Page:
The committee finds the evidence of the SDA compelling, in calling for ‘roster justice’, whereby employees are supported in their caring roles and not subject to last minute, unexpected changes to their working hours, and are properly consulted on rosters by their employers. Roster justice would also go some way to supporting a better work-life balance for working carers.
Therefore, the committee recommends that the Fair Work Act be amended to provide roster justice to employees. The legislation should be amended to ensure that rosters are implemented by employers in ways that are predictable and implement fixed times and days wherever practicable.
Further, the committee recommends that the Act be strengthened to ensure employers genuinely consider the views of employees when considering changes to their rosters—especially those changes made at short notice, and which have the capacity to severely and adversely impact on working carers and their right to fair working conditions.

Recommendation 5

The committee recommends that the Australian Government amend the Fair Work Act 2009 to provide improved rostering rights for employees, and in particular working carers, by:
ensuring employers implement rostering practices that are predictable, stable and focused on fixed shift scheduling (for example, fixed times and days); and
amending section 145A of the Act to require employers genuinely consider employee views about the impact of proposed roster changes, and take the views of the employee, including working carers, into consideration when changing rosters and other work arrangements.
Moving forward, the committee will continue to look at this issue. It anticipates receiving evidence from large employers across Australia about their rostering systems, and how they consider the needs of working carers, especially in their use of computerised rostering systems.

Leave entitlements

The system of leave entitlements in Australia is having adverse impacts on workforce participation and the ability to provide care to those who need it—whether it be due to age, health or disability.
It is clear that the economic benefits of greater workforce participation for carers and in particular for women, will likely outweigh any costs associated with reform of the leave entitlement system.

Paid and unpaid parental leave

There is a complex relationship between the uptake of PPL, access to Early Childhood Education and Care (ECEC), and to workforce participation for carers, especially women.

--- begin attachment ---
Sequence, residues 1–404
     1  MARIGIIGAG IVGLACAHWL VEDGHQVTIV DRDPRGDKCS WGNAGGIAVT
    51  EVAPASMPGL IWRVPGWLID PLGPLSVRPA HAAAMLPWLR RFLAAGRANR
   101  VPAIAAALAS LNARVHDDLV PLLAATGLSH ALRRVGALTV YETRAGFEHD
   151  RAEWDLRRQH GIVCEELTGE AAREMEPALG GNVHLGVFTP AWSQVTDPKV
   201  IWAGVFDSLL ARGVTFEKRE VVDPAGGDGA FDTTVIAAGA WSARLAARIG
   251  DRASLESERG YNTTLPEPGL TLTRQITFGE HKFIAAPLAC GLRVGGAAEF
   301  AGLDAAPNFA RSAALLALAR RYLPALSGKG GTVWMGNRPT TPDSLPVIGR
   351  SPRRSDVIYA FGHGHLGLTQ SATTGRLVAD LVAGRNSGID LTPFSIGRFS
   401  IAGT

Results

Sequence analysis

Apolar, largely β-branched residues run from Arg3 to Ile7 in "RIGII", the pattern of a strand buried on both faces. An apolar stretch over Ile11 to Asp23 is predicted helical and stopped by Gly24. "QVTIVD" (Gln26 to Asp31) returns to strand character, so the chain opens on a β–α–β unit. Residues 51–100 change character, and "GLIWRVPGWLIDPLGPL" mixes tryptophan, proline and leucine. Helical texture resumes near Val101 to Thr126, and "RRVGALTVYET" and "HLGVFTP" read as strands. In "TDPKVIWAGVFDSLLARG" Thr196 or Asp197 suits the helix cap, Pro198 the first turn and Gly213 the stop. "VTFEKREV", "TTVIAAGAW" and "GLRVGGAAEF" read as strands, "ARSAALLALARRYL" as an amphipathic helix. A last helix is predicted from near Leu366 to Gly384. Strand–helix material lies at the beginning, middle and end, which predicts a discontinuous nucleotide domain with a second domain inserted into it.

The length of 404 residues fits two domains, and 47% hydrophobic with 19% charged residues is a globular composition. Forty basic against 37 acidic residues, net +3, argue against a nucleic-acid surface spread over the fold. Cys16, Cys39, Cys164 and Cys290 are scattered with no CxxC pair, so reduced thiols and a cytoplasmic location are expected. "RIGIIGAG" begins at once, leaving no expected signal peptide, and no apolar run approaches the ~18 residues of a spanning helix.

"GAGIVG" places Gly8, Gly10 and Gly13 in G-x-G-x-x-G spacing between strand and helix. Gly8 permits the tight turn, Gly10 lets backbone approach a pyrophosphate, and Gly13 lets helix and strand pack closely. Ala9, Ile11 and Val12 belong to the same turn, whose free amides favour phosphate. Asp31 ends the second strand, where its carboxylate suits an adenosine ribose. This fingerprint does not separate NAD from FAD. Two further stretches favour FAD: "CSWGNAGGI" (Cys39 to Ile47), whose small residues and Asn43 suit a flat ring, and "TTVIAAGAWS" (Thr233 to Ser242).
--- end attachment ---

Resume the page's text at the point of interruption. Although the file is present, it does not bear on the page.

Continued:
Australia’s current PPL framework limits the flexibility and choices available to families, parents, and other carers of babies and young children, by providing an unnecessarily short amount of time—90 days—and not providing incentives for partners to take parental leave.
There has been strong support put forward in evidence to date for Australia extending the time available under PPL, from 18 to 26 weeks—at a minimum and as a first step to future reform. The benefits to this approach are being shown overseas, where more men are taking up more leave and unpaid caring responsibilities in the household, and babies are benefitting from more time with parents in the early stages of development.
In addition to lengthening PPL, Australia must look to comparable international jurisdictions where better, longer parental leave entitlement systems have been implemented, to positive effect. Australia does not need to start from scratch in enhancing its statutory framework for parental, carer and other leave; rather, it can turn to other countries, such as Sweden, to see what a more successful and fair approach might look like.
Further, the payment of PPL at the minimum wage and particularly the lack of superannuation guarantee payments on unpaid parental leave is an active disincentive to parents accessing the entitlement.
The committee will continue to examine these issues as it progresses its work and will continue to examine the best practice approaches adopted elsewhere for their applicability to the Australian context.
In the meantime, and given the clear evidence before the committee in support of it, the committee sees great benefit in immediate amendments which would extend the minimum paid parental leave period to 26 weeks. The committee therefore recommends that the Government amend the legislative framework to implement the 26-week period as a matter of priority.

Recommendation 6

The committee recommends the Australian Government amend, as soon as is practicable, the Paid Parental Leave Act 2010 to legislate for a paid parental leave period of 26 weeks.

Carer’s leave

The definitions applied to ‘carer’s leave’ by the Fair Work Act are restrictive, and do not fully encompass the broad scope of what carer’s leave can entail. Further, the limited access for working carers to long-term unpaid leave is directly and negatively impacting on workforce participation and limiting the capacity for working carers to maintain links to their workplace.
In addition, as shown by the evidence, other comparable jurisdictions do not combine personal/sick leave and carer’s leave into a single entitlement like in Australia.
Combining these entitlements and associating the need for carer’s leave with the various reasons for personal leave is not appropriate, and greatly diminishes the availability of carer’s leave for those who need it. It also means that those people undertaking carer roles cannot themselves access personal leave for when they are unwell, or need a break from their many responsibilities in their personal and work lives.
As it progresses its work, the committee will examine the barriers to people with work and care responsibilities accessing leave appropriate to their circumstances, and possible areas of reform of the leave entitlement system.